Great Expectations

How does Dickens contrast the convict and Pip?

study guide questions for Great Expectations

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This happens gradually through the book. They actually begin to be more like each other as the book goes on.

Pip is depicted as a "small bundle of shivers growing afraid...and beginning to cry." He is portrayed as a helpless, frightened innocent. The convict, on the other hand, is "a fearful man" who "glare(s) and growl(s)." He is a rough, malevolent and threatening man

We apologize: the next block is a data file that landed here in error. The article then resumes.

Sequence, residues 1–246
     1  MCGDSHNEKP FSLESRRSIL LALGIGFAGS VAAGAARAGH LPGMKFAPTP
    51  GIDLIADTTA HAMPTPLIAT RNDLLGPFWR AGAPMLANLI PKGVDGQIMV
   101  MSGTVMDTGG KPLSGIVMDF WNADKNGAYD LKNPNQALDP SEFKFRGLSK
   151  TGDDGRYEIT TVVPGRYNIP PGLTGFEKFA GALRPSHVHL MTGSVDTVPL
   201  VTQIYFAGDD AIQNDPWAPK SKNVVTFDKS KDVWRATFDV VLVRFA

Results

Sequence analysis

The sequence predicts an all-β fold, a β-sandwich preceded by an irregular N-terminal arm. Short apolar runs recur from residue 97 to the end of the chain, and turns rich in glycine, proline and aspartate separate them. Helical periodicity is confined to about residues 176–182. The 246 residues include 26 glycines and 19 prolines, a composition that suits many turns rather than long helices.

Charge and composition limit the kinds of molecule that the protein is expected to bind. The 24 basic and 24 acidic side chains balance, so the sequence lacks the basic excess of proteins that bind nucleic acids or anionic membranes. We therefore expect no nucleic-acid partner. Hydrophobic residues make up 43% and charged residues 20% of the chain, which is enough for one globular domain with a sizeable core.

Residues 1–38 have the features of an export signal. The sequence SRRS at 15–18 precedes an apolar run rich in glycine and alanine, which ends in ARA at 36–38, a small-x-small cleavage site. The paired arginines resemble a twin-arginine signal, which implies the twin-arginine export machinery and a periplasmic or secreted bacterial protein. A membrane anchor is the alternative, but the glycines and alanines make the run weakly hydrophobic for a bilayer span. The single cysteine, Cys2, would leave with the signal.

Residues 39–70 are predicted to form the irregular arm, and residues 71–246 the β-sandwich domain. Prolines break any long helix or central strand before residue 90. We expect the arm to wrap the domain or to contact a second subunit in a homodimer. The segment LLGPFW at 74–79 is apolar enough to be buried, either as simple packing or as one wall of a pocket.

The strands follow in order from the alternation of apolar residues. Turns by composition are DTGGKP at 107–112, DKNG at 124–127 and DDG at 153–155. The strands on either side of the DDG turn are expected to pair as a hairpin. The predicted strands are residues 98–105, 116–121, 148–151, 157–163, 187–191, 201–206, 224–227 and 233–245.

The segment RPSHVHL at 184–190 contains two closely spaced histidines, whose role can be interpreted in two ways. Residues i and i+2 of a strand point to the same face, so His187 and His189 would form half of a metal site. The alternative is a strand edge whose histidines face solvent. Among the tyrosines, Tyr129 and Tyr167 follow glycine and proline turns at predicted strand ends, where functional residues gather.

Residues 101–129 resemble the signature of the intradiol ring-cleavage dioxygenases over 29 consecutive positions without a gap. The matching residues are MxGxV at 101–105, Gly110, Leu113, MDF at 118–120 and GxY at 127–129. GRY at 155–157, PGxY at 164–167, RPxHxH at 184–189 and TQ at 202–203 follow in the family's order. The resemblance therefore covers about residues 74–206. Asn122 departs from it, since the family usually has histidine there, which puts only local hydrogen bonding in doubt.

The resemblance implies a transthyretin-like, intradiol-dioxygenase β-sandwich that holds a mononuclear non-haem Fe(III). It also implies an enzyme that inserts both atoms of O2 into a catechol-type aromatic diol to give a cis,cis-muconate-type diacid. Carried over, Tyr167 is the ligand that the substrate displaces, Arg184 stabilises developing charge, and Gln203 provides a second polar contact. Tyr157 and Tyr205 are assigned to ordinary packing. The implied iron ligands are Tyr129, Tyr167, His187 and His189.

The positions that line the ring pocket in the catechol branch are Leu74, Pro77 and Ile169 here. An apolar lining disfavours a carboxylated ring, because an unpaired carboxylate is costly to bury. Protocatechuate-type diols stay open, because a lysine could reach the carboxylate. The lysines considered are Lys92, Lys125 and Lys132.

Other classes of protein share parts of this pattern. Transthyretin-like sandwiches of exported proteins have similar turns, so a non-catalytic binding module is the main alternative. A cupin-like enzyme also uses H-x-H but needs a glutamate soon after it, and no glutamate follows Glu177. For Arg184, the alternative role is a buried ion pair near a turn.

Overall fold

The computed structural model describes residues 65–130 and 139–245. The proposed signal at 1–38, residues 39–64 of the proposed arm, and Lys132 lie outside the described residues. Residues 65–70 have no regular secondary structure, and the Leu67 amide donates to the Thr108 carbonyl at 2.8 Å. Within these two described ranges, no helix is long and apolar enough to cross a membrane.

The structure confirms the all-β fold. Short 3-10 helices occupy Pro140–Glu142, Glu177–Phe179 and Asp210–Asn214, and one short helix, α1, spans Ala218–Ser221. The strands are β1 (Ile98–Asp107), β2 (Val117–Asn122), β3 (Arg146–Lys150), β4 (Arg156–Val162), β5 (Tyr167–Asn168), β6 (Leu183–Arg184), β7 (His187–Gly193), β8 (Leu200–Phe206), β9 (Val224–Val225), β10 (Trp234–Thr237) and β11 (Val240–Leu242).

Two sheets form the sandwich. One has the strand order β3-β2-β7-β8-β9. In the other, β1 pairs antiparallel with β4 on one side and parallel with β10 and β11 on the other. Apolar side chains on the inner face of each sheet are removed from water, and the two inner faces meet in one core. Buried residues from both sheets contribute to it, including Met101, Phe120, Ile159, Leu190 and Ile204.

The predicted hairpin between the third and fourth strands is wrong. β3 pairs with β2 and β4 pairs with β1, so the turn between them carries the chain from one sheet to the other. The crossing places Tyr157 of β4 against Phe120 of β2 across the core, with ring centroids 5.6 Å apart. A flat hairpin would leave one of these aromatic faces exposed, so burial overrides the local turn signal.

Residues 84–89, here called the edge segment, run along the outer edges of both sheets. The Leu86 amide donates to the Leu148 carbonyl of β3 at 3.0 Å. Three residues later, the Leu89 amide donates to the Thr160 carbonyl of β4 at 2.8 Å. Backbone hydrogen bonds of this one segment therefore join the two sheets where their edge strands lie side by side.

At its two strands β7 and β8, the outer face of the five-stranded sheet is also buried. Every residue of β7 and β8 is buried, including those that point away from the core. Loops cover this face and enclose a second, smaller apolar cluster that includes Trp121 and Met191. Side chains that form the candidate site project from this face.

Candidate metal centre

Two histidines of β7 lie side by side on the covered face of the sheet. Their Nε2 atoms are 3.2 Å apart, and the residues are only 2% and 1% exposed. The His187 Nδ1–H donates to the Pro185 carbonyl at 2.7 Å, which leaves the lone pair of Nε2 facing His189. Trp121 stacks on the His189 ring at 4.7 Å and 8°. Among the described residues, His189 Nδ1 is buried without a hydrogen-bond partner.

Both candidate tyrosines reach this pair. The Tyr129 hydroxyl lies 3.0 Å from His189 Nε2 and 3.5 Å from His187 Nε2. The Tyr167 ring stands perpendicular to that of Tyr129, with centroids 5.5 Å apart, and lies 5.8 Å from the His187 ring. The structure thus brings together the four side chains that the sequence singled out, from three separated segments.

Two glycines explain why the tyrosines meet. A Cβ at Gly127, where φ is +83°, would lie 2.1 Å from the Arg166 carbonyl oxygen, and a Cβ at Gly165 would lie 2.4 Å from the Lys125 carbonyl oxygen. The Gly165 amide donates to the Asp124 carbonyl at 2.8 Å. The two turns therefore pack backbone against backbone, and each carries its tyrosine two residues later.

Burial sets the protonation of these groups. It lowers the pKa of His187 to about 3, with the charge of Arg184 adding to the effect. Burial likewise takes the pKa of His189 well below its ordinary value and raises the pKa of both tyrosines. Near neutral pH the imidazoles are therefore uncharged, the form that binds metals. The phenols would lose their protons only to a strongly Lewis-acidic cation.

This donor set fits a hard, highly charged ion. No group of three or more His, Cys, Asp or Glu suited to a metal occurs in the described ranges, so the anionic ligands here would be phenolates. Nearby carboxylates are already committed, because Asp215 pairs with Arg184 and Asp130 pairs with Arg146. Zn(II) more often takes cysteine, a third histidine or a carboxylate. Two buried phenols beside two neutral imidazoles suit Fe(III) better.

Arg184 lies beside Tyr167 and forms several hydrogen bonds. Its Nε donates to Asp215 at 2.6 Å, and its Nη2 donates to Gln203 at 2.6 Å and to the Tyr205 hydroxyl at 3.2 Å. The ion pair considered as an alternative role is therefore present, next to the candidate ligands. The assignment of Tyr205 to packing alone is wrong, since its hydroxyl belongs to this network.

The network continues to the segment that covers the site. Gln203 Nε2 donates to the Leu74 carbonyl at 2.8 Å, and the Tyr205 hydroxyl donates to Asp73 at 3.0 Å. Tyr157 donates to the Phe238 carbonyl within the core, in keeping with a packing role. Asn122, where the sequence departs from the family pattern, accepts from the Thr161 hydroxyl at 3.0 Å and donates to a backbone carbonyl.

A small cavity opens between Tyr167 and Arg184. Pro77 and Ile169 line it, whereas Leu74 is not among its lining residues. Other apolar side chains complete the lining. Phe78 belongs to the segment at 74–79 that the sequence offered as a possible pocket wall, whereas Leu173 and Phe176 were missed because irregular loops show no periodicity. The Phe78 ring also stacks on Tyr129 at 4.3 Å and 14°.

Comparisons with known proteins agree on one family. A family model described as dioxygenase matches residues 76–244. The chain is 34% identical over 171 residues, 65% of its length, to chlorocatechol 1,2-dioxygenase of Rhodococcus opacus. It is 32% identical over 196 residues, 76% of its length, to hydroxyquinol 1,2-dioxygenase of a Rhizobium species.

Both pip and the convict have good hearts. Pip merely has his own prejudices against Magwich. This isn't to say Magwich is without fault, he's just more sincere. Pip takes awhile to attain that sincerity.